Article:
Of course in her era Spontaneous Human Combustion wasn’t a theory put forward for the death, but her case does indeed fit some of the known conditions that are usually associated with the phenomena, such as those listed below

  1. they are usually elderly females;

    An example of S.H.C.

  2. the body has not burned spontaneously, but some lighted substance has come into contact with it;

  3. the hands and feet usually escape;

  4. the fire has caused very little damage to combustible things in contact with the body;

  5. the combustion of the body has left a residue of greasy and fetid ashes, very offensive in odour.

Could Mrs Nicholls have been Gawlers first case of Spontaneous Human Combustion, or was her death caused from something else?
No-one will ever really know, as it is now far too late to conduct a proper investigation into the death, but the circumstances would lead sway me to believe it is possible.

© 2007 – 2014 Allen Tiller

All content on “Eidolon Paranormal & The Haunts of Adelaide” sites, blog and corresponding media pages (eg Facebook, twitter etc) is copyright. Apart from any fair dealing for the purpose of private study, research, criticism or review, as permitted under the Copyright Act, no part may be reproduced by any means or process without the written permission of the author. © 2012, 2013, 2014


All photos remain the property of their respective copyright owners and are displayed here for the purpose of education, research and review under the copyright act “fair usage” clause.

Some photo’s used here on this site are sourced from The Sate Library of South Australia, and The National Library of Australia and http://www.gawler.nowandthen.net.au – all photos are out of copyright and have no usage restrictions implied.

Accidental Death or “Spontaneous Human Combustion”



Accidental Death or “Spontaneous Human Combustion”

In July 1883, in the town of Gawler, about an hours drive north of Adelaide, on a somewhat wet Saturday morning, a young man living at one of the oldest parts of Gawler, Church Hill, noticed smoke billowing from his elderly neighbour, Mrs Nicholls, cottage across the street.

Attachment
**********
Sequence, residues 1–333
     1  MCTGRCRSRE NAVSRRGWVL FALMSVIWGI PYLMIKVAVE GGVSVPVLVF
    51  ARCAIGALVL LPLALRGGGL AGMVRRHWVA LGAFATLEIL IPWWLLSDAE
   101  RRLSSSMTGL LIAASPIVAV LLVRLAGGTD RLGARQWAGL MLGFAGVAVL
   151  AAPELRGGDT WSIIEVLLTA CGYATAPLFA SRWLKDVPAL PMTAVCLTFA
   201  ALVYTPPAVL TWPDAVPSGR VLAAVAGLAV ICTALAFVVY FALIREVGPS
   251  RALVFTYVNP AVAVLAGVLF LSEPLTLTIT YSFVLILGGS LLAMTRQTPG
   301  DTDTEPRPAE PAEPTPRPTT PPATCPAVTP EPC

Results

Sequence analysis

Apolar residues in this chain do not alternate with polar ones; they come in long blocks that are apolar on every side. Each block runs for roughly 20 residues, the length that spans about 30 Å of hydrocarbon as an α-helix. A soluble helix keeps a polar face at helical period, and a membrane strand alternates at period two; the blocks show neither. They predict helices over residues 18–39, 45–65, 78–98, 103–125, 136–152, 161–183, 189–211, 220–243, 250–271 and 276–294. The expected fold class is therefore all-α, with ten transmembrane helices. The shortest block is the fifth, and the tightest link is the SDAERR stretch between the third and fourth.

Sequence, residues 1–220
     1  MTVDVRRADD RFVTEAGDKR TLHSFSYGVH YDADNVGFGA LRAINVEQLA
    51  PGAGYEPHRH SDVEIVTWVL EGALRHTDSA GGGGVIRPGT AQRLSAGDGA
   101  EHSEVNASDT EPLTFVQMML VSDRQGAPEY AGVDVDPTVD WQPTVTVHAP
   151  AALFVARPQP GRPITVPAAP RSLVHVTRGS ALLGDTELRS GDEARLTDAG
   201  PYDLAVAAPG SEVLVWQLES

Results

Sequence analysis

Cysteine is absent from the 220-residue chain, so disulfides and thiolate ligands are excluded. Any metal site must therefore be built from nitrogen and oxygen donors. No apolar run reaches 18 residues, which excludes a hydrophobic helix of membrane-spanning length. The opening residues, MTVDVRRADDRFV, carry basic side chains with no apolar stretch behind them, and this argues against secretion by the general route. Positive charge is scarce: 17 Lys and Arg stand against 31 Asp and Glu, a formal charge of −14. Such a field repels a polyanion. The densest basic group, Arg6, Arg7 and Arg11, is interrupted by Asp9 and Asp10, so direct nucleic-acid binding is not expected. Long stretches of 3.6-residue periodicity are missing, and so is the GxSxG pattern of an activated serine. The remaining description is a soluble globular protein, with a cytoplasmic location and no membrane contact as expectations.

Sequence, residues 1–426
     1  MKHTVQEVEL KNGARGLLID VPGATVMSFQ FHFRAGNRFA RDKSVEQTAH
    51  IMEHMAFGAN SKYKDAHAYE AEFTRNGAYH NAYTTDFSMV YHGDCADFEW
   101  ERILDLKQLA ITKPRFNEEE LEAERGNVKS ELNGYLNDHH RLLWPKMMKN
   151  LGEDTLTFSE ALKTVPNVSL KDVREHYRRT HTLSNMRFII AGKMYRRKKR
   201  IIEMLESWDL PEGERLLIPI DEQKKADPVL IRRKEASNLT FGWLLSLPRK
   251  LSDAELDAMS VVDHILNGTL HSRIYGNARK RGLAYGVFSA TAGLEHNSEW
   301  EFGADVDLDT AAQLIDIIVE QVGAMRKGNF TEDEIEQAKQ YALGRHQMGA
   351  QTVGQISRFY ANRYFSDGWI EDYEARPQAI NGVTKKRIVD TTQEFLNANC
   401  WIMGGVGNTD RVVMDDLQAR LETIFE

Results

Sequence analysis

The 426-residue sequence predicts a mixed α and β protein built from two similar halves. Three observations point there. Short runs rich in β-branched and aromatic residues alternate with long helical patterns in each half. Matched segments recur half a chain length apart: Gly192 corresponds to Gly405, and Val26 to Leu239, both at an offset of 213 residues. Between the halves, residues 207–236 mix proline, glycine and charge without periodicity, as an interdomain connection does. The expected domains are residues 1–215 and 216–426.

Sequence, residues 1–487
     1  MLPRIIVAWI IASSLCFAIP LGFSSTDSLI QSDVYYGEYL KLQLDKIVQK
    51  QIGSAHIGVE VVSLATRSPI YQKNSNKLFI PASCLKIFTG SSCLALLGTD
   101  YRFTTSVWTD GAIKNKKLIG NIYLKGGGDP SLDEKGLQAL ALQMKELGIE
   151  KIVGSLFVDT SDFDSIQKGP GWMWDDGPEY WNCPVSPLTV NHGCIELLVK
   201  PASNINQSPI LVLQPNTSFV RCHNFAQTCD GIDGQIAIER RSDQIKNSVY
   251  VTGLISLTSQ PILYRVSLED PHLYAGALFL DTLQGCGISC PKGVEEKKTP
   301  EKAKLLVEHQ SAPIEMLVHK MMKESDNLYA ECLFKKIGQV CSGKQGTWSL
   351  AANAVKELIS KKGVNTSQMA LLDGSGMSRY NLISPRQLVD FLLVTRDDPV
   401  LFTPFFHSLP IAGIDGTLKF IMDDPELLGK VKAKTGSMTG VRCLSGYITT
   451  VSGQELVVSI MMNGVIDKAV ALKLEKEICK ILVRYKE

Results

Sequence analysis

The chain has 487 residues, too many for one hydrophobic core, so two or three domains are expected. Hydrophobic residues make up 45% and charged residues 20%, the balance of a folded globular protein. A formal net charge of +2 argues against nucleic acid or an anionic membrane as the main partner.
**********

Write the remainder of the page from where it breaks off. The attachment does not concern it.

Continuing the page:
Mrs Nicholls lived alone in her little cottage and had been seen the night before about 11 pm by another neighbour with whom she was friends.
The fire alarm was raised early Saturday morning, but before the firemen could come to put the blaze out, the young man and other neighbours kicked the front door down to try and rescue Mrs Nicholls.
They were horrified with what they saw in front of them. Mrs Nichols had been burnt to death.
A report from the Kapunda Herald newspaper at the time stated: 

“all that remained of the poor woman was one foot and her head, charred like a mallee stump, the rest of the body being completely burnt to ashes”.


An inquest into her untimely death was held, which came to the conclusion that it was an “accidental” death, but the mystery of why her house hadn’t burnt down around her was not solved, and to this day remains just that, a mystery.

In her era Spontaneous Human Combustion wasn’t a theory put forward for the death, but her case does indeed fit some of the known conditions that are usually associated with the phenomena, such as those listed below.

  1. They are usually elderly females.

    An example of S.H.C.

  2. The body has not burned spontaneously, but some lighted substance has come into contact with it.

  3. The hands and feet usually escape.

  4. The fire has caused very little damage to combustible things in contact with the body.

  5. The combustion of the body has left a residue of greasy and fetid ashes, very offensive in odour.